As familiar as the call to unity, compassion, empathy, and love in today’s gospel are to many Christians today, we certainly see a lot of resistance at times to their enactment. Yet Jesus makes it clear that he himself is among the “least of these”—whom he names as “members of my family” to be even more clear.

Thirteen times in this gospel, Jesus has the king say “I” or “me” when talking about those who are hungry, thirsty, naked, homeless, sick, or imprisoned.

Thirteen times he tells us that HE is every refugee, standing with hungry mouth open, suffering written all over his beautiful, holy face as long as one person in this world undergoes any of those hardships. He is there behind the bars with every prisoner, and doesn’t ask us to divide those prisoners into those who are worthy and those who are not. That kind of sorting leads to being labeled a goat.

Yet, again, this parable makes it clear that WE don’t get to decide who the sheep are, and who the goats are. Only God decides that. Because we who been redeemed believe in the hope of redemption for all, we also know that even goats can become sheep, if they so choose. No matter what, it’s not up to US to decide who is worthy or not. It’s up to us just to love and care for each other in all our flaws and need for forgiveness and grace.

That word “family” is critical here: once again--and boy, is that repetition necessary-- we are shown that the Christian life is a life lived in relationship with each other. Family is more than just the people to whom we are tied by blood, as many of us were reminded at Thanksgiving. Instead, the Christian family is found and formed in a life of caring and connection, of empathy and generosity, dedicated to relieving, in concrete actions, suffering, isolation, and want. This Christian family we join when we declare our faith in Jesus is guided by compassion, even when—especially when-- sometimes we disappoint each other.

As members of the family of God, we are called to not step over the fallen but help them up as we ourselves have been helped up by loving hands again and again, if we are honest. The life those Christian sheep are called to embody is a life of common purpose and meaning, a life rooted in true love and joy in a community that takes care of each other. In other words, exactly what so many people are hungering for in our world today. And it’s up to us to make that world, as Christ’s own beloveds in the world.

Biblical scholar Stanley Saunders states that Matthew means for the values expressed here to bookend with the Beatitudes in Matthew 5:1-12. Together they create an arc of qualities and actions that are foundational for the “Kingdom of Heaven” over which Jesus will reign. Even asking the question of WHO the marginalized were that the goats/accursed ignored makes you a goat, according to Saunders, because goats’ only interest is in themselves.

In Jesus’s time as well as now, the values of society were strictly regulated to support segregation by class, wealth, citizenship, and privilege. You curried the favor of those who could help you rise in the ancient system, and you ignored those who were deemed inferior to you. You certainly didn’t go out of your way to help those who could be of no help to you.

In Aesop’s tale, it was easy to tell who had the power, and who didn’t: Great big Lion, the “King” of the Jungle; little tiny Mouse, who spent her days scavenging and scraping out a living eating other creatures’ scraps more often than not. In Jesus’s story, sheep and goats both have the opportunity to help where they see a need. But one thing that separates the sheep from the goats is the ability to see the need right in front of them at all, and to answer that need joyfully.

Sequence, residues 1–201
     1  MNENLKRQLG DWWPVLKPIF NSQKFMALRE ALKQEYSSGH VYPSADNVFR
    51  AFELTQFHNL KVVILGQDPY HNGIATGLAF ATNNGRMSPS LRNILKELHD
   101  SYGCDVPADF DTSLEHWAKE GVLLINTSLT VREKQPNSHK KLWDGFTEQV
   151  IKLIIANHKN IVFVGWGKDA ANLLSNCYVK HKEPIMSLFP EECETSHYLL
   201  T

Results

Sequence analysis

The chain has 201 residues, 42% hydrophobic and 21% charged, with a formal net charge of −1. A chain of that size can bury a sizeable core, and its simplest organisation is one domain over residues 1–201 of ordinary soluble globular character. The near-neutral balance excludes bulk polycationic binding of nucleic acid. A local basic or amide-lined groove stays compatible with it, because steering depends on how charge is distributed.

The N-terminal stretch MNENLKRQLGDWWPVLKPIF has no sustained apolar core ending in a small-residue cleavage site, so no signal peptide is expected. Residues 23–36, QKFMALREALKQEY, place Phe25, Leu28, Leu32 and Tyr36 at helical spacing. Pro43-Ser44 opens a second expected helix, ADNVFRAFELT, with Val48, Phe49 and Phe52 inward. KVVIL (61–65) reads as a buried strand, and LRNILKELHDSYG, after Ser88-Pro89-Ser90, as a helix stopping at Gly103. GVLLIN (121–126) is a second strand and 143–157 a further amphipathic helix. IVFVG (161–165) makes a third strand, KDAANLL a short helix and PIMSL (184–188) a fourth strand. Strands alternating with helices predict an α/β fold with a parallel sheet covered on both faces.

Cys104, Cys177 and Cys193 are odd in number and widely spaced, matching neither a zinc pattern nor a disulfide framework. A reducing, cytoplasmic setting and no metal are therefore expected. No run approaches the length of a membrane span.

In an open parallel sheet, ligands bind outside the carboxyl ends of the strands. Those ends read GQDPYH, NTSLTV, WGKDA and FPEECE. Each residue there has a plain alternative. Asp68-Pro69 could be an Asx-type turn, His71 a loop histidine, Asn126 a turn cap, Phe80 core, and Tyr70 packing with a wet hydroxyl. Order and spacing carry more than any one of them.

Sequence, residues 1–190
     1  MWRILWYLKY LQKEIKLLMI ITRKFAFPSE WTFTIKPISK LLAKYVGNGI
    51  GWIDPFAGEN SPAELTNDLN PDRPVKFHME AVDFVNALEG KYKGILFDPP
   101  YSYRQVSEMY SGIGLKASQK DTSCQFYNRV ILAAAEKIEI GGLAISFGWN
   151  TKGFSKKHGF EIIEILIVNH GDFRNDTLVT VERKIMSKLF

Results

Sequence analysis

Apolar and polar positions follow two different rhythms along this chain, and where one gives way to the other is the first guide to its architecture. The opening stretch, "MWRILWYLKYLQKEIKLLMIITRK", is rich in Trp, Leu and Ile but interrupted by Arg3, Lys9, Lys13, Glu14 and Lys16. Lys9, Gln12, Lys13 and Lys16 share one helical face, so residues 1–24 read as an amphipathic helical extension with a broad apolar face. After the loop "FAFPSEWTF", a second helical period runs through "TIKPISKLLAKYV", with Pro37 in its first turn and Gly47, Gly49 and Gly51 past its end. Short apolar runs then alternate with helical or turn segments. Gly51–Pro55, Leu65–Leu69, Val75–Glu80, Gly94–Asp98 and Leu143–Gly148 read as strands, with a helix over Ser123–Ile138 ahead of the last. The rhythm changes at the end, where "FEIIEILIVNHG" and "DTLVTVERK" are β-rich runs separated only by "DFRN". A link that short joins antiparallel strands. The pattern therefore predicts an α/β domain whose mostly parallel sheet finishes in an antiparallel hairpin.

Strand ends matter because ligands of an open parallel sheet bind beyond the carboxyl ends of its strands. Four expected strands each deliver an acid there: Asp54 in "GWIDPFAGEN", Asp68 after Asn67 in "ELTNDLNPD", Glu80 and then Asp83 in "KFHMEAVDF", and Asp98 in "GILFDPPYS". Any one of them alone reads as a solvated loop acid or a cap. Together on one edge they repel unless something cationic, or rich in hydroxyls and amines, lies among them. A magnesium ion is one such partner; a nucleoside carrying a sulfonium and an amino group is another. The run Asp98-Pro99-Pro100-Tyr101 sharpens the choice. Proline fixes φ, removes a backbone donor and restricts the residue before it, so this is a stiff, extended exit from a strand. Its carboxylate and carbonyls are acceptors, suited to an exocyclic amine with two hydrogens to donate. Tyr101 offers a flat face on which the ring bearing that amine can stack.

Food, shelter, clothing to those without it. Sharing with those who are marginalized, oppressed or despised without concern for whether they “deserve” it or not, and without condemnation—even “throwaway” people in our culture, such as the imprisoned, convicts, criminals—however you want to call them. And the really hard one: loving each other and being gentle with each other, choosing grace and mercy. Leaving the judging of others to God in the name of evaluating our own lives, and offering God our all, as our psalm reminds us.

One lesson both stories tell us is to never write anyone off—not even those we think might be goats. Jesus’s story draws that even more sharply into focus by making that willingness to write people off not just “wrong,” but a sin that cuts us off from being able to enjoy the heavenly banquet we all long for. But how do we tell the difference?

In Aesop’s fable, the question was, how do we tell who has the power, and who doesn’t? In Jesus’s parable, the question was, how do we tell who has a heart, and who doesn’t? We can’t tell by looking.

The answer is simple: we know by the actions. All of the Lion’s strength meant nothing without the tiny Mouse’s teeth. The sheep who do the will of the shepherd don’t stop to ask, “What’s in it for me?” Instead, they engage in the necessary, practical, joyous work of tending to the Jesus that shines out of every single person they encounter. They keep going in this work even when the shepherd is out of sight, because the shepherd has shown and continues to show us the Way, the Truth, and the Life.

They act in response to suffering because that is what Jesus has modeled for us again and again. We have been commissioned and blessed to take up this work together both inside these church doors and out there in our secular lives, because Jesus isn’t just someone we think about on Sunday, but rather Jesus is what we DO out in the world to respond to need not with calculations but with compassion and mercy. As the song goes, “They’ll know we are Christians by our love.”

It’s the sheep who remember that everyone can be a blessing and a means of grace for others.
It’s the sheep who worship God not just in God’s courts, as our psalm called us, but throughout the world we inhabit, where there are too many of the family of God suffering.
It’s the sheep who are humble enough to know the gift of reconciliation that we ourselves have received, and will continue to receive whether we ourselves are always worthy of it or not.
It’s the sheep who are called to love without calculation of benefit or superiority.
It’s the sheep who sing out in their actions the real moral of the story:

Few are so small, or weak, I guess,
But may assist us in distress;
Nor shall we ever, if we’re wise,
The meanest, or the least, despise.

For whether we are sheep or goats, lions or mice,
We are all the bearers of the face, hands, and heart of Christ.


Sermon for the Last Sunday After Pentecost, Feast of the Christ the King, preached at St. Martin's Episcopal Church, Ellisville, on November 26, 2017.